|Publication number||US8031752 B1|
|Application number||US 12/340,286|
|Publication date||Oct 4, 2011|
|Filing date||Dec 19, 2008|
|Priority date||Apr 16, 2007|
|Publication number||12340286, 340286, US 8031752 B1, US 8031752B1, US-B1-8031752, US8031752 B1, US8031752B1|
|Inventors||Ralph H. Johnson, James K. Guenter, James R. Biard|
|Original Assignee||Finisar Corporation|
|Export Citation||BiBTeX, EndNote, RefMan|
|Patent Citations (158), Non-Patent Citations (105), Referenced by (2), Classifications (14), Legal Events (4)|
|External Links: USPTO, USPTO Assignment, Espacenet|
This application claims the benefit of U.S. Provisional Patent Application Ser. No. 61/015,949 entitled VCSEL OPTIMIZED FOR HIGH SPEED DATA, filed Dec. 21, 2007, and incorporated herein in its entirety by this reference. This application is also a Continuation-in-Part of U.S. patent application Ser. No. 11/735,993, titled EFFICIENT CARRIER INJECTION IN A SEMICONDUCTOR DEVICE, filed Apr. 16, 2007, which is incorporated herein in its entirety by this reference.
1. The Field of the Invention
The invention generally relates to lasers. More specifically, the invention relates to Vertical Cavity Surface Emitting Lasers (VCSELs).
2. Description of the Related Art
Lasers are commonly used in many modern components. One use that has recently become more common is the use of lasers in data networks. Lasers are used in many fiber optic communication systems to transmit digital data on a network. In one exemplary configuration, a laser may be modulated by digital data to produce an optical signal, including periods of light and dark output that represents a binary data stream. In actual practice, the lasers output a high optical output representing binary highs and a lower power optical output representing binary lows. To obtain quick reaction time, the laser is constantly on, but varies from a high optical output to a lower optical output.
Optical networks have various advantages over other types of networks such as copper wire based networks. For example, many existing copper wire networks operate at near maximum possible data transmission rates and at near maximum possible distances for copper wire technology. On the other hand, many existing optical networks exceed, both in data transmission rate and distance, the maximums that are possible for copper wire networks. That is, optical networks are able to reliably transmit data at higher rates over further distances than is possible with copper wire networks.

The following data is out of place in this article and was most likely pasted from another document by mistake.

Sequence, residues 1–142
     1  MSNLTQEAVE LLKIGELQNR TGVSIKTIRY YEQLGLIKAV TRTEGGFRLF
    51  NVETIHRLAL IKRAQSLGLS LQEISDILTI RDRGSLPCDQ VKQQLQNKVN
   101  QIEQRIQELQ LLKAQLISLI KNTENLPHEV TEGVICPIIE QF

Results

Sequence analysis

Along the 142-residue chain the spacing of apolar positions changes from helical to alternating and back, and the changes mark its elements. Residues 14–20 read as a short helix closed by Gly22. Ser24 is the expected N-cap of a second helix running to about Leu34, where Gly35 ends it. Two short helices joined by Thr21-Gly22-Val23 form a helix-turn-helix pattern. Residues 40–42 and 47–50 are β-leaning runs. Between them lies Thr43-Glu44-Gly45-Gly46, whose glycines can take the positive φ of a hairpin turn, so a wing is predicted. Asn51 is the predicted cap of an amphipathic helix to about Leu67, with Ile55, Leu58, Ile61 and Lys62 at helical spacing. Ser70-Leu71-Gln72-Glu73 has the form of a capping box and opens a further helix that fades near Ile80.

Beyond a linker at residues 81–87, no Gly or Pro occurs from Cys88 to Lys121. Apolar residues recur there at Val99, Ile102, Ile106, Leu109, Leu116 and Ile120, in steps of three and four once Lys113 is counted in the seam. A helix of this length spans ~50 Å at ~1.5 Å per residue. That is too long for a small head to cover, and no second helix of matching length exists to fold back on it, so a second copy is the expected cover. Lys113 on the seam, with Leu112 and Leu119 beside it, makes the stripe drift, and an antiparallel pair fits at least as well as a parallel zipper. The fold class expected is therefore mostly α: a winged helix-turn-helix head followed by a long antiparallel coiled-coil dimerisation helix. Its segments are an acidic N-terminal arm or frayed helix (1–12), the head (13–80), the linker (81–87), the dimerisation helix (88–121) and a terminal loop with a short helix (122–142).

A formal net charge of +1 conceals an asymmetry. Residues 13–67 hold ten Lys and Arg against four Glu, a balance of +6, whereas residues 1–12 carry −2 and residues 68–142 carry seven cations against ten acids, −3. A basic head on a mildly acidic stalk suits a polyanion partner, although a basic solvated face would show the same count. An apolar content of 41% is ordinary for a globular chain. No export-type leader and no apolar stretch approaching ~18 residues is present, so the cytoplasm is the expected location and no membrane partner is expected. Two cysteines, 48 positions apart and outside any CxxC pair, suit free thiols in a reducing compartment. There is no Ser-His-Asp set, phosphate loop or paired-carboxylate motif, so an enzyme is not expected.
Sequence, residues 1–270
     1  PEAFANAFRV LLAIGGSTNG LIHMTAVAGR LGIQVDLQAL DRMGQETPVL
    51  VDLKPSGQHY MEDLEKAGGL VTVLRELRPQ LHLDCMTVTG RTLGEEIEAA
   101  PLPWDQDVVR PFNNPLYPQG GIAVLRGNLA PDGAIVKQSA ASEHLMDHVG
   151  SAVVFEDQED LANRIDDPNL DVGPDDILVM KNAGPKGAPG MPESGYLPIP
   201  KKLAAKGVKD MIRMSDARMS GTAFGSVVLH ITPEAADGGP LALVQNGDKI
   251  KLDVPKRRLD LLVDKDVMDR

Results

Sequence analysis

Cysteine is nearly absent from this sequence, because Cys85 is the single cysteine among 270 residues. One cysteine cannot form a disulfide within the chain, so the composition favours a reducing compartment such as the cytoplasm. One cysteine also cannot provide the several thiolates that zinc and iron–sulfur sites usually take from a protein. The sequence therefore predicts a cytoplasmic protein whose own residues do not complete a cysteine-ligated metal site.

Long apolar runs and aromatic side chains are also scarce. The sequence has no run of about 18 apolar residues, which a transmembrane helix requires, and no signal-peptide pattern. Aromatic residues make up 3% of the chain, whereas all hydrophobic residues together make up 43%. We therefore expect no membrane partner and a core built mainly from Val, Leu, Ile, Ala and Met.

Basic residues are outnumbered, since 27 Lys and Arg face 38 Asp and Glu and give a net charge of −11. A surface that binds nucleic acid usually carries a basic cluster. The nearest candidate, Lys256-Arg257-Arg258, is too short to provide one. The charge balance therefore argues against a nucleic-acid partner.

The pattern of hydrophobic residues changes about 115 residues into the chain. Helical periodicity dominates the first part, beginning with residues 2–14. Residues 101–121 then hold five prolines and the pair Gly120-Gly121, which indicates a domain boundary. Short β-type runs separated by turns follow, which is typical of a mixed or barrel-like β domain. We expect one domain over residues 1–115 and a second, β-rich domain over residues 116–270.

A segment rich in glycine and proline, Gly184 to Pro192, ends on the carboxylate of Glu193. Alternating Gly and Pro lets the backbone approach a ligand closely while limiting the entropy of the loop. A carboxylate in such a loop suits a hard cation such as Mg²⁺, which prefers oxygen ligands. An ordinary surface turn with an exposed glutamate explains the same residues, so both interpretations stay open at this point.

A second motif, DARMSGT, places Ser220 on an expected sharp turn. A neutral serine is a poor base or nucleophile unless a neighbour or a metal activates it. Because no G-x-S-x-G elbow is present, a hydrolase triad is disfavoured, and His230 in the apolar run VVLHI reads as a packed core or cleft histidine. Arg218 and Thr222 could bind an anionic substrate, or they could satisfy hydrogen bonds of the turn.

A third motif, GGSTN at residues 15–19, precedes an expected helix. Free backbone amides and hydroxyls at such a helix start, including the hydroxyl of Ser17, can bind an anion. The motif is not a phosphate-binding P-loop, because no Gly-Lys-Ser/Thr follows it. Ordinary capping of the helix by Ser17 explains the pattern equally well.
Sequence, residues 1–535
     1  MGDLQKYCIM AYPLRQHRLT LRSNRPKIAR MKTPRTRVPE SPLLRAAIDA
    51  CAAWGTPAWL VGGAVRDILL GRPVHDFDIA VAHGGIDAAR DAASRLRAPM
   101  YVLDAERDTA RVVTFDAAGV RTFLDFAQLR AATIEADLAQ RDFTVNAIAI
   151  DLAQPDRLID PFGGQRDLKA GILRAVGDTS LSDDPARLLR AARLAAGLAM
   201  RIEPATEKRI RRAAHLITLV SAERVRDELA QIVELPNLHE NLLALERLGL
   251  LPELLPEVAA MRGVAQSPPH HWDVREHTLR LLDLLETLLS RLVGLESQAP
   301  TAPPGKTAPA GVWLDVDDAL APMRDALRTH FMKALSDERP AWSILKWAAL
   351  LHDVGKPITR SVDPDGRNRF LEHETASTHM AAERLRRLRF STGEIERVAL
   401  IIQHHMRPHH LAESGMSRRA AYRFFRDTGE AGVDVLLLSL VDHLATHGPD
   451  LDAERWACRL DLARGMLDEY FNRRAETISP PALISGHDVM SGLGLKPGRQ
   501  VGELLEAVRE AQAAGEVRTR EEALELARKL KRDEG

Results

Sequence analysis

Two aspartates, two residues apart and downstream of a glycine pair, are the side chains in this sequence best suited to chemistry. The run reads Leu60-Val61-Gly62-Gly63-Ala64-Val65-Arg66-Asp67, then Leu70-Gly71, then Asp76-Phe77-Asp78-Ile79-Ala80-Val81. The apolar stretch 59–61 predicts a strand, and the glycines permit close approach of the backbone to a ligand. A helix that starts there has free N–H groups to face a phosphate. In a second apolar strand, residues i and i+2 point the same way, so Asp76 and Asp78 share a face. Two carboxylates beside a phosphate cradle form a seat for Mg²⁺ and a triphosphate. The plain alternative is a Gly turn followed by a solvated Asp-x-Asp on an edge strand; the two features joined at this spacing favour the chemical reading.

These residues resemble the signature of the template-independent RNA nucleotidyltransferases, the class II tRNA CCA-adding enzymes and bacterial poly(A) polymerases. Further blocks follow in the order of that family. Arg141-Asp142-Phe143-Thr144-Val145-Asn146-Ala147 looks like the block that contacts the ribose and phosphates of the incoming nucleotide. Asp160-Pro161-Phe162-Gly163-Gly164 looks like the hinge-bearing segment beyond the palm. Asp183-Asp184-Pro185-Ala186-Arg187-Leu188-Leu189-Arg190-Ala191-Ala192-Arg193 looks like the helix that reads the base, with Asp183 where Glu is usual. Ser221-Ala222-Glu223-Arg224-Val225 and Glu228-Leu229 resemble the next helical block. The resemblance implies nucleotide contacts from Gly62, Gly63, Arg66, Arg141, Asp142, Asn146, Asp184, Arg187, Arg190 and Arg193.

One type of laser that is used in optical data transmission is a Vertical Cavity Surface Emitting Laser (VCSEL). As its name implies, a VCSEL has a laser cavity that is sandwiched between and defined by two mirror stacks. A VCSEL is typically constructed on a semiconductor wafer such as Gallium Arsenide (GaAs). The VCSEL includes a bottom mirror constructed on the semiconductor wafer. Typically, the bottom mirror includes a number of mirror periods, each period including a high index of refraction layer and a low index of refraction layer. As light passes from a layer of one index of refraction to another, a portion of the light is reflected. By using a sufficient number of alternating layers, a high percentage of light can be reflected by the mirror. Typically, each layer within a mirror has a thickness of one-quarter wavelength of the optical field being produced in order to improve reflectivity.
An active region that includes a number of quantum wells is formed on the bottom mirror. The active region forms a PN junction sandwiched between the bottom mirror and a top mirror, which are of opposite conductivity type (i.e. a p-type mirror and an n-type mirror). Free carriers in the form of holes and electrons are injected into the quantum wells when the PN junction is forward biased by an electrical current. At a sufficiently high bias current the injected carriers form a population inversion in the quantum wells that produces optical gain. Optical gain occurs when photons in the active region cause electrons to transition from the conduction band to the valance band which produces additional photons. When the optical gain is equal to the loss in the two mirrors, laser oscillation occurs. The electrons in the quantum well conduction band are stimulated by photons to recombine with holes in the quantum well valence band. This process results in the stimulated emission of photons, which are coherent with the initiating photons.
The active region may also include an oxide aperture formed using one or more oxide layers formed in the top and/or bottom mirrors near the active region. The oxide aperture serves both to form an optical cavity and to direct the bias current through the central region of the cavity that is formed.
A top mirror is formed on the active region. The top mirror is similar to the bottom mirror in that it generally comprises a number of layers that alternate between a high index of refraction and a lower index of refraction. Generally, the top mirror has fewer mirror periods of alternating high index and low index of refraction layers, to enhance light emission from the top of the VCSEL.
Illustratively, the laser functions when a current is passed through the PN junction to inject free carriers into the active region. Recombination of the injected free carrier electrons from the conduction band quantum wells to the valence band quantum wells results in photons that begin to travel in the laser cavity defined by the mirrors. The mirrors reflect the photons back and forth. When the bias current is sufficient to produce a population inversion between the quantum well states at the wavelength supported by the cavity, optical gain is produced in the quantum wells. When the optical gain is equal to the cavity loss laser oscillation occurs and the laser is said to be at threshold bias and the VCSEL begins to ‘lase’ as the optically coherent photons are emitted from the top of the VCSEL.